Dale Sveum is, was, and always has been, in a no-win situation. He took the position of manager of the Chicago Cubs with no hope of winning. It was team designed to lose. In July of 2012, the Cubs began selling off the best pieces of the team during a hot streak. Sure the Cubs acquired assets that might not pay off until 2015-2016. The team wound up losing 101 games. 2013 was eerily similar and the Cubs sold off key everyday players and 40% of the starting rotation in June, July, and August. Somehow Sveum managed to avoid another 100 loss season. As of today, they are on their way to loss #95 and pick 4 or 5 in the 2014 MLB draft. This past week saw Sveum’s head put on a platter by local media and bloggers over comments by Theo Epstein and the regression of Starlin Castro, Anthony Rizzo, Darwin Barney, and supposedly Jeff Samardjiza. Some critics have been fair in pointing out the development of Travis Wood, the bullpen arms of Hector Rondon, Blake Parker, and catcher Wellington Castillo.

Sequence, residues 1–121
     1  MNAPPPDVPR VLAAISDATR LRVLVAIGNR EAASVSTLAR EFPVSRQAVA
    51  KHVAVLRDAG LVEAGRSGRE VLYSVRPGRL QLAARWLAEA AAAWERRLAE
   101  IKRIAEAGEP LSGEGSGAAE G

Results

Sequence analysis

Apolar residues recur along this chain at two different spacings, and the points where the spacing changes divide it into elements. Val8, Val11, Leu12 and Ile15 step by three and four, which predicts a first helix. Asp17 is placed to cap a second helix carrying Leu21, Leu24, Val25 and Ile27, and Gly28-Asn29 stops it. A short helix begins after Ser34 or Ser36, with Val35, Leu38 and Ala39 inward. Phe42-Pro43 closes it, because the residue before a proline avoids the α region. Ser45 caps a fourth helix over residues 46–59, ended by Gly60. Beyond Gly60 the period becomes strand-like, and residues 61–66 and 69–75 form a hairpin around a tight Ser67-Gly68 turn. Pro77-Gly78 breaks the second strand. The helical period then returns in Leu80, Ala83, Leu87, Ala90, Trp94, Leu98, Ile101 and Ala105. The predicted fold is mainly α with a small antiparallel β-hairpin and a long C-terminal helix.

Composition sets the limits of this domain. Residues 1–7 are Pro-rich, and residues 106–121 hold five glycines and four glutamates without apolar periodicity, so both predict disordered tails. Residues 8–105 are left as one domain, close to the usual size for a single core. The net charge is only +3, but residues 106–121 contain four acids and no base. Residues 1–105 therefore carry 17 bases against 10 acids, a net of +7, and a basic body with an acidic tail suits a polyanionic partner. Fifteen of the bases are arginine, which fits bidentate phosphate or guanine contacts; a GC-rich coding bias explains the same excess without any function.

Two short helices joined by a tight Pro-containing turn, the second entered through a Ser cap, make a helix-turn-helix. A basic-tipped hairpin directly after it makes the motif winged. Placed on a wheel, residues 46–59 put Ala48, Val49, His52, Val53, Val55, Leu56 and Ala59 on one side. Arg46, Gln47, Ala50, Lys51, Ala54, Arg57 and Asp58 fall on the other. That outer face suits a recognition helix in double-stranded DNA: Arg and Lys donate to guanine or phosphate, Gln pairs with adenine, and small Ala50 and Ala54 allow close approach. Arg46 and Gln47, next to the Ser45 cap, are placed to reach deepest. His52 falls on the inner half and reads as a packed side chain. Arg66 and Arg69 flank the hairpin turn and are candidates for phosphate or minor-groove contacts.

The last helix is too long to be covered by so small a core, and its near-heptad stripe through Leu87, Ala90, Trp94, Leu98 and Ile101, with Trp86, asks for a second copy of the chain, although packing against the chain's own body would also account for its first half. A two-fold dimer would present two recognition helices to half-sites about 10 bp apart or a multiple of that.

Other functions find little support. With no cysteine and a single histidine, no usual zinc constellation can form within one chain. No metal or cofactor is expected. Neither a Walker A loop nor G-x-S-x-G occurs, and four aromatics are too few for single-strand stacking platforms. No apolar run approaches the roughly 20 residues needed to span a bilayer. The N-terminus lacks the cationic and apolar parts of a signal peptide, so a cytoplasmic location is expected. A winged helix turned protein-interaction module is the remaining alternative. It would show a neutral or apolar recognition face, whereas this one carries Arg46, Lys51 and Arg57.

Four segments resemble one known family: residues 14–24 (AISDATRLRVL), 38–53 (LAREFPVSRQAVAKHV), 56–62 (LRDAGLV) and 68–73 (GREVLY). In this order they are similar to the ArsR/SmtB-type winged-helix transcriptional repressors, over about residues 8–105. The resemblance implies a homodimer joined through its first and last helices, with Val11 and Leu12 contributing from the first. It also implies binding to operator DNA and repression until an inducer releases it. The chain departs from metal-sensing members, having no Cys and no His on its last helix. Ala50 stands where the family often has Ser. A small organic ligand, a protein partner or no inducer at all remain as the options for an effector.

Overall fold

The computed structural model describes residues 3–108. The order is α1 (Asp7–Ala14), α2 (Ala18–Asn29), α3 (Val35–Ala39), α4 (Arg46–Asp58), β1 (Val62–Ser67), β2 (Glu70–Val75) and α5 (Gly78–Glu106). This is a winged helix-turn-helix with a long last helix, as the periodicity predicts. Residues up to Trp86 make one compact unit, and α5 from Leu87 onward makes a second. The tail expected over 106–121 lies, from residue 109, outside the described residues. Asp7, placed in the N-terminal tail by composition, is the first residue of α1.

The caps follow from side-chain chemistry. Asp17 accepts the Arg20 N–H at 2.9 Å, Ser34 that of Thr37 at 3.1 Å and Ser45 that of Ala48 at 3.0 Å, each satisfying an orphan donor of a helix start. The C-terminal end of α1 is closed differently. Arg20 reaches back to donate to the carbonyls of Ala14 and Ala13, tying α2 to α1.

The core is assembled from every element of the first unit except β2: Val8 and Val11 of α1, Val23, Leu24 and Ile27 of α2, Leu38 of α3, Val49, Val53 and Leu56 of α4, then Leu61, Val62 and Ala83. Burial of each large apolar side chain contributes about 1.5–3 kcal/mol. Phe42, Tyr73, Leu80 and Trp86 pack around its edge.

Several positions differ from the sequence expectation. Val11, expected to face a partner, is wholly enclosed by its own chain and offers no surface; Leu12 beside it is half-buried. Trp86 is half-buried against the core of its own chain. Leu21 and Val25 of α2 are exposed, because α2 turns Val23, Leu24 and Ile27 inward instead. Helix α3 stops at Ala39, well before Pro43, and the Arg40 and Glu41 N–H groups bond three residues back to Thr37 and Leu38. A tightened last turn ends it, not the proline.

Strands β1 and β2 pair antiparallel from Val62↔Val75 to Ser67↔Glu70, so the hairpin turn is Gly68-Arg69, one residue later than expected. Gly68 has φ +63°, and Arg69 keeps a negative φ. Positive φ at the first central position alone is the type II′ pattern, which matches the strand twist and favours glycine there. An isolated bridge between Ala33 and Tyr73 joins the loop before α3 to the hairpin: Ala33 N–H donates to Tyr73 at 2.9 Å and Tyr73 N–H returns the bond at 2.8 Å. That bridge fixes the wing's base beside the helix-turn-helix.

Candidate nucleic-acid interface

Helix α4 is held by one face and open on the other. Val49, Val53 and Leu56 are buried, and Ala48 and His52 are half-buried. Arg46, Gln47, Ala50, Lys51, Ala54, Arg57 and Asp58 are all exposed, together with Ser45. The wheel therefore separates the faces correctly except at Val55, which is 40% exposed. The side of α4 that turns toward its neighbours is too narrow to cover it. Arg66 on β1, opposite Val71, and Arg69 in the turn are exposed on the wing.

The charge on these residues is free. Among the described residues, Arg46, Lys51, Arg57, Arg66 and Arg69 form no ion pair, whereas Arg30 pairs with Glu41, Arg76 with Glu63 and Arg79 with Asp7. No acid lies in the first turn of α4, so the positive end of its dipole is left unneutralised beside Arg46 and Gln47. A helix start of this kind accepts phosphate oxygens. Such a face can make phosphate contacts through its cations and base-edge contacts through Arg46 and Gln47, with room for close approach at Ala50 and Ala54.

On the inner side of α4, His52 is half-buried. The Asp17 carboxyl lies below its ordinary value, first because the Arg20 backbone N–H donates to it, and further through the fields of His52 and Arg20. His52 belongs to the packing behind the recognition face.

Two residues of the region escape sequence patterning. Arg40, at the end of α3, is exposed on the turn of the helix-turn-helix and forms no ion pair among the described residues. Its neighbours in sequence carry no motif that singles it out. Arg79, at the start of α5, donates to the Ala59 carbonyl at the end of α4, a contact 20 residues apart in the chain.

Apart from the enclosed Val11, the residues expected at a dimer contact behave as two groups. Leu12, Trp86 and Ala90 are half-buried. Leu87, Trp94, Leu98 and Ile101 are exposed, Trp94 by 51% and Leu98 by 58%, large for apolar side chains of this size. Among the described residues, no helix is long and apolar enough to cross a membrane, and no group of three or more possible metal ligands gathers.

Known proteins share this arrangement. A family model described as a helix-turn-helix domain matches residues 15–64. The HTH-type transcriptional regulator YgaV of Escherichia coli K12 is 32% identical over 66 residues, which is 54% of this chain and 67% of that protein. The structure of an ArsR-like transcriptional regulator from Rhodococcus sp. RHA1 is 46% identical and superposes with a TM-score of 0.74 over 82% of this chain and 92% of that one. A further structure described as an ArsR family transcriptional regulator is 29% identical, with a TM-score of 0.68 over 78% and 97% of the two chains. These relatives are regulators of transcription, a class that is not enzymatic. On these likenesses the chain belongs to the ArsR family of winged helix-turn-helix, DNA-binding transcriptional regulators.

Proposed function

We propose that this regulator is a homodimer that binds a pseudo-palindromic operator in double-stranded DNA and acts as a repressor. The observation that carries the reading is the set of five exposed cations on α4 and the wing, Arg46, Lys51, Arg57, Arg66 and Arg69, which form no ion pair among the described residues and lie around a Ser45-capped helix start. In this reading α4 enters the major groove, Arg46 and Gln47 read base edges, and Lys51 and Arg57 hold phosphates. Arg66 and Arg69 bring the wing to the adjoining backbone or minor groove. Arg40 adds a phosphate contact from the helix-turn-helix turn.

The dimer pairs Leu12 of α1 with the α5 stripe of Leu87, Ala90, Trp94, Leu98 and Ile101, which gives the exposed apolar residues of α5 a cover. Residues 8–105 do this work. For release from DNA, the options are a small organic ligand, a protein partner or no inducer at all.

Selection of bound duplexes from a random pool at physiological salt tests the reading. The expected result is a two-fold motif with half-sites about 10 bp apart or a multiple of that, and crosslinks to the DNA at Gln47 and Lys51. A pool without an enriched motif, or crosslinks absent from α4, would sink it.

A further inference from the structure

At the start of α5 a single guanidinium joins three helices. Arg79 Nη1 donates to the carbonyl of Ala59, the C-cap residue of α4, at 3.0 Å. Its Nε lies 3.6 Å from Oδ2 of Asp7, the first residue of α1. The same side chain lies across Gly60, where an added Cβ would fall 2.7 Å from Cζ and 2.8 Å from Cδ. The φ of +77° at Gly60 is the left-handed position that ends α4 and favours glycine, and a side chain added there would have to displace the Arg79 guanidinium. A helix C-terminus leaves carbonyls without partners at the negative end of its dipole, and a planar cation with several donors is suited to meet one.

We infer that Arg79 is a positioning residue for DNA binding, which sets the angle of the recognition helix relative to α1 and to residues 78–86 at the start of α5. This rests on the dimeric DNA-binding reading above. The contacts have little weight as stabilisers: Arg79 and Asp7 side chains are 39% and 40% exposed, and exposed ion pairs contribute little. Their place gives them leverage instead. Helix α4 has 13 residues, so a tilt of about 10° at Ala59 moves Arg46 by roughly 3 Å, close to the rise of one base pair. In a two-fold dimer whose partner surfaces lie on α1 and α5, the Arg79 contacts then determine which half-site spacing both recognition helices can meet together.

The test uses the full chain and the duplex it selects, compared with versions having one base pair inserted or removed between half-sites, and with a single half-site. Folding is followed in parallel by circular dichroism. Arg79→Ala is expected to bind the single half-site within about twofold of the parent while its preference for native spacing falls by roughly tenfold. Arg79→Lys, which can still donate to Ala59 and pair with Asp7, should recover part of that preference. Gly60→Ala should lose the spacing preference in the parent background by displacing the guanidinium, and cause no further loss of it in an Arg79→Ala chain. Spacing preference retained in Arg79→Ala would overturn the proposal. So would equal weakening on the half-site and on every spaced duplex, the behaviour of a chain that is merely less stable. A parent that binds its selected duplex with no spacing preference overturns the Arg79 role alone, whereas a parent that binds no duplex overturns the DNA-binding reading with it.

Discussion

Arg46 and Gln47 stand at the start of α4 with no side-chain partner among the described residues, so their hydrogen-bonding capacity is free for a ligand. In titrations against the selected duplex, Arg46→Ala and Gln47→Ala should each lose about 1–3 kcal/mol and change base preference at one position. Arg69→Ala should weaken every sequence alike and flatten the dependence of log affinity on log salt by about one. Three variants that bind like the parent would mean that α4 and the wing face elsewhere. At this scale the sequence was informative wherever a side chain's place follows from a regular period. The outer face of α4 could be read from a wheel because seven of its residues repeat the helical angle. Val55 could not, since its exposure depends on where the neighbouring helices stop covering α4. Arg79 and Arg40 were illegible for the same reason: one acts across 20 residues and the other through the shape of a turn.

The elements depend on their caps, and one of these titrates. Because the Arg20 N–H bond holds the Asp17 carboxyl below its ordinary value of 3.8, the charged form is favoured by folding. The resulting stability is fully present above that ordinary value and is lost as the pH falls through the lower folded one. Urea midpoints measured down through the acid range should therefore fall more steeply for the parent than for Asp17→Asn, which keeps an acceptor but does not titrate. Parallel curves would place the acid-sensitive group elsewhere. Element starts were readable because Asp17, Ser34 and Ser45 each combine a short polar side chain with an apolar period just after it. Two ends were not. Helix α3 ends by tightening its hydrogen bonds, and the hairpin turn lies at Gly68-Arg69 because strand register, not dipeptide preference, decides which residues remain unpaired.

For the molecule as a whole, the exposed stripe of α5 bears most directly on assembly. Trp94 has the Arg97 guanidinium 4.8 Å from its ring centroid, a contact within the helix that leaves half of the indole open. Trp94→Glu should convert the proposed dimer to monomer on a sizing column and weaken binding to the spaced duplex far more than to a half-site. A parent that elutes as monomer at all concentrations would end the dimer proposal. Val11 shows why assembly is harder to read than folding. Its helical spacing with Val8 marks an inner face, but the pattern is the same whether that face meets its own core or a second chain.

For me, this is still a team that regardless of who the manager is, in 2014 needs major changes on the offensive side of the ball. To blame Sveum for the regressions is a time honored and stupid tradition. The player is the one who should take most of the blame. If I had to choose a first baseman of the future, it would not be Anthony Rizzo. Rather, it would be Dan Vogelbach who has much better bat control, hits for a better average, and has more power but it still probably 2-3 years away. So, Rizzo stays for now. As for Castro, I don’t think too many Cub fans would be too upset to see Javier Baez replace Castro. However, I am not one who is ready to give up on the kid. His problem is more mental than physical. Barney, on the other hand, I might be the first one to push him out the door. He can field, but his hitting is atrocious.
Here’s the thing though, neither you or I are running this team.
This is clearly Theo’s rebuild. And in that rebuilding, he might have seen something he did not like about Rizzo’s inability to hit any low and inside pitch and blamed it on Sveum. However, it is more likely that Sveum is the fall guy for Theo and Jed’s personnel decisions of the last 24 months. In fact, if it weren’t for a poor bullpen this spring (April and May), the Cubs could have been buyers rather than sellers.